If you’re interested in ordering a copy, you can do so through Moon Tide’s website here, or through Amazon here.

I have three pieces in the anthology, and as a little preview, here is one of the poems:

Imagining One More Romero Movie

 

I’d like to see Romero’s take on this moment,

a time as uncanny as the dead rising,

groaning, and slow-walking towards a meal.

The elite already live in towers,

like in Land of the Dead.

The president has a tower in NYC,

barricaded by police in all-black riot gear,

like the beginning of a movie

where everything is about to go wrong.

The working-class hustle below,

their hands hard and calloused, their clothes

rife with the smell of gasoline, oil, or dirt.

Sometimes, they crane their necks, stare

at those towers, maybe to imagine a gold nameplate,

a desk, leather chair, and air-conditioned office.

 

If Romero directed one more sequel,

I wonder where he’d place the survivors.

Shopping malls are too 1980s, but maybe Starbucks,

staring at their smartphones, plugging in

before the dead bust down the doors,

rip out espresso machines, gnaw on flesh,

or maybe he’d have a horde overtake DC,

while a few remaining politicians and lobbyists

flee down K Street under a harvest moon,

until the working-class, turned, drop the gas pumps,

hammers, or call center headsets and devour the living, fed up

with slumping and staggering from job to job.

 

Happy Halloween!

 

 

 

 

 

 

 

 

 

 

Halloween and the Evolution of the Final Girl

The soft reboot of Halloween is a film very much in conversation with John Carpenter’s original masterpiece. There are several scenes, especially in the second half, that mirror shots from the first film while swapping places between Michael Myers and Laurie Strode (Jamie Lee Curtis), the predator and the prey. The film is aware of the Final Girl tropes, a term first defined by Carol J. Clover, and this time, the Final Girl is turned into the predator instead of the prey. In doing this, the film explores the trauma Strode has endured after her encounter with Michael 40 years earlier, and though it is not the first film to have this type of story, it does make the reboot feel relevant  after a string of subpar sequels throughout the years.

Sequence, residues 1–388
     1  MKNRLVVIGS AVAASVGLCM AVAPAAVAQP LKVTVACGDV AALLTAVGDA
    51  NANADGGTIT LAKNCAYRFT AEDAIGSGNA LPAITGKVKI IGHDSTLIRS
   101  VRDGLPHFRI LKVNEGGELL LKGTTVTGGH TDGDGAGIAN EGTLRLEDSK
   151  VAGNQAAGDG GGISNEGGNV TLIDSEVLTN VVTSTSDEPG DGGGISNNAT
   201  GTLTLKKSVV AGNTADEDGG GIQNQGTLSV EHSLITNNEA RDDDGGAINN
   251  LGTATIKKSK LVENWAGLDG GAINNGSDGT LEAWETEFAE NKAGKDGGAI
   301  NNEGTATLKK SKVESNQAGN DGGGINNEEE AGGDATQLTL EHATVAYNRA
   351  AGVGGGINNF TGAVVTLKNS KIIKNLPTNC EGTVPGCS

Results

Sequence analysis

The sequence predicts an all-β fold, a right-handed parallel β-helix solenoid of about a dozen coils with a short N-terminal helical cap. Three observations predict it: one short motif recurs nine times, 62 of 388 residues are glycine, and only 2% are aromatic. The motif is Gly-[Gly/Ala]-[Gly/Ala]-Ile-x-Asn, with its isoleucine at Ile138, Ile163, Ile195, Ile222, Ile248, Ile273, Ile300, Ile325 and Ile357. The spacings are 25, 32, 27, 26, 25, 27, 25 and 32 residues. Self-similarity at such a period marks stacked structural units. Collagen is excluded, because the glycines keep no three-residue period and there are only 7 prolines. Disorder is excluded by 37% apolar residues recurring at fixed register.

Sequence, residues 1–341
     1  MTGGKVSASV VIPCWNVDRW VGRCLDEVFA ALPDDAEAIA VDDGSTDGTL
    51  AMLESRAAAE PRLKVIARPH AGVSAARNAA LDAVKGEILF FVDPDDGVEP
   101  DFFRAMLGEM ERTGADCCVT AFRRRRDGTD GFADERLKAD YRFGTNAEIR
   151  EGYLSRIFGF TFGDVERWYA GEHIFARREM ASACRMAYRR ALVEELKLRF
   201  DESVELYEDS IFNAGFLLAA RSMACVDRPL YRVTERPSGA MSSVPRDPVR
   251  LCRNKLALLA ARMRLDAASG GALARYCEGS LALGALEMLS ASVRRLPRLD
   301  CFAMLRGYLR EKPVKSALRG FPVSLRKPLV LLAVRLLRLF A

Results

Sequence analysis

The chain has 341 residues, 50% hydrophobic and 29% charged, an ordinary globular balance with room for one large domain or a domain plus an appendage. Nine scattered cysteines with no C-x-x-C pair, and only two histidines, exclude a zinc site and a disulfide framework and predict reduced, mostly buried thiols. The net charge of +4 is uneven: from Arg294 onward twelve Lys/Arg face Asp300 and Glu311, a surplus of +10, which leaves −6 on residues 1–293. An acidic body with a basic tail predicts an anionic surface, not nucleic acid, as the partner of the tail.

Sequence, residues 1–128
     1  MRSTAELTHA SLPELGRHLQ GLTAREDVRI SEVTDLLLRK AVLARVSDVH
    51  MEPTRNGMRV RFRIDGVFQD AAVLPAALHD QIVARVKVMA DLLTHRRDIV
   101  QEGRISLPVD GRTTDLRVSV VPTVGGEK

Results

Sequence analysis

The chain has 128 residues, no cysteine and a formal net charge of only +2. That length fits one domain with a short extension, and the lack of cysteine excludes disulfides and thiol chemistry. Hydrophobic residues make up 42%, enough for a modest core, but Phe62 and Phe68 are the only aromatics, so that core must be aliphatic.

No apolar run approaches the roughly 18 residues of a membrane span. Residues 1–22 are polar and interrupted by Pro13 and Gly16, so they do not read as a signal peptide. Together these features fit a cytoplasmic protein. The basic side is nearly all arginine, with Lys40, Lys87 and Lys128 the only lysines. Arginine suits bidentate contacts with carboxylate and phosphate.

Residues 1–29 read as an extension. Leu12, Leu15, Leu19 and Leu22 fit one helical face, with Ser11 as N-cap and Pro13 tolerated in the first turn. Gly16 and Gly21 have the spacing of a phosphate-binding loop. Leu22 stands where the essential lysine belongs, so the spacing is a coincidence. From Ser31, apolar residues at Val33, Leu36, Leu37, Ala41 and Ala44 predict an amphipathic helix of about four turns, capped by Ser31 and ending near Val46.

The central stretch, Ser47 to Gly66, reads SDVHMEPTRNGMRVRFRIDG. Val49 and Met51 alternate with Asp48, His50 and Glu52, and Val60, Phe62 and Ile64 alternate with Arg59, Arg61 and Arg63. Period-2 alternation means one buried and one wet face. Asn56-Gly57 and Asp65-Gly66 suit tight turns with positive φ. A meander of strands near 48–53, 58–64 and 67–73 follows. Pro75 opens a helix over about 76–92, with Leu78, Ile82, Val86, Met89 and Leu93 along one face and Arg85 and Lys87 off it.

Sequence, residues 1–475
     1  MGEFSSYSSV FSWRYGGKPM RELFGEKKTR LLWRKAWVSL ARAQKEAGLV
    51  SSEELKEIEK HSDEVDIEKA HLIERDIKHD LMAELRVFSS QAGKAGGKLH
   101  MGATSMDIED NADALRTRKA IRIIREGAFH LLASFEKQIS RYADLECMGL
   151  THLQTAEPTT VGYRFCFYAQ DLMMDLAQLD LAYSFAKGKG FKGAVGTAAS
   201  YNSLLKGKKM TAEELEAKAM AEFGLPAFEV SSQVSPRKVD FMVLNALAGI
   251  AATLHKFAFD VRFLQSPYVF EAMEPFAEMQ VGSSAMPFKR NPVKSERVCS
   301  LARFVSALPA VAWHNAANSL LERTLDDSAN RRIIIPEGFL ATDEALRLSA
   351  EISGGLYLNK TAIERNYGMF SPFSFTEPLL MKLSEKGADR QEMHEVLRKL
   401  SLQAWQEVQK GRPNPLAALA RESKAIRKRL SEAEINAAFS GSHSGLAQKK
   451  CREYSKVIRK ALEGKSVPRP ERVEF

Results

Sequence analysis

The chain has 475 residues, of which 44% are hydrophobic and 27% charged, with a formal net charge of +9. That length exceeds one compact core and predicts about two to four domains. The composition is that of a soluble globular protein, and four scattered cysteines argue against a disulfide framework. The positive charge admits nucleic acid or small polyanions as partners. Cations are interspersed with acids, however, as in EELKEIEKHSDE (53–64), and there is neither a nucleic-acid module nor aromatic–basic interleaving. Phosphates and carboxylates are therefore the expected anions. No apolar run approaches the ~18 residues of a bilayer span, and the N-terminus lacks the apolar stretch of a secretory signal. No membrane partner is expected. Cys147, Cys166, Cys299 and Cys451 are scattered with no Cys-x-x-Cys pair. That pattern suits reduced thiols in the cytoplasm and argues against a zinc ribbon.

Clover’s definition of the Final Girl was first presented in her seminal work Men, Women, and Chainsaws: Gender in the Modern Horror Film. She studied slasher films from the 1970s and 1980s and came to a few conclusions. Sexual transgressors of both genders are punished and killed. Think of Lynda (P.J. Soles) in the original Halloween, who is killed soon after having sex with her boyfriend, Bob (John Michael Graham). Any of the sex-crazed teens in the Friday the 13th series serve as another example. Clover adds that the male killers, including Michael Myers, have an oedipal psychosis, thus a majority of their victims are female. She notes that Michael’s sexual anger towards his sister, Judith, drives him to kill her and a string of sister surrogates. Furthermore, the camera lingers on the deaths of the female victims much longer than that of the males.

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Lynda (P.J. Soles) about to meet her fate in the original Halloween

The Final Girl, Clover says, stares death in the face, and she is either rescued or kills the slasher herself. What made a film like Halloween especially unique was the way it disrupted traditional narrative structure. In analyzing structure and point of view, Clover references Laura Mulvey’s definition of the male gaze and cinematic narrative structure, specifically that the male drives the story’s action and the point of view is associated with him. Films like Halloween were different because the spectator identified with the Final Girl and eventually saw everything through her point of view. She was also the most developed psychologically. To underscore this point, Clover analyzes the closet scene in Halloween, writing,

As the killer slashes and stabs the closet door—we see this from her inside perspective—she bends a hanger into a weapon, and, when he breaks the door down, stabs him in the eye. Given the drift in just the four years between Texas Chain Saw and Halloween –from passive to active defense—it is no surprise that the films following Halloween present Final Girls who not only fight back but do so with ferocity and even kill the killer on their own, without help from the outside (37).

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Laurie Strode hiding in the closet in Halloween. The camera shows her point of view.

Lastly, Clover theorizes that  Final Girls adapt masculine characteristics to defeat the killer and to fulfill a traditional Western narrative of the hero. The Final Girl is boyish, and she has a general competence with practical matters. She seizes the killer’s phallic weapon, such as Michael’s kitchen knife, to defeat him. Of this narrative trope, Clover writes,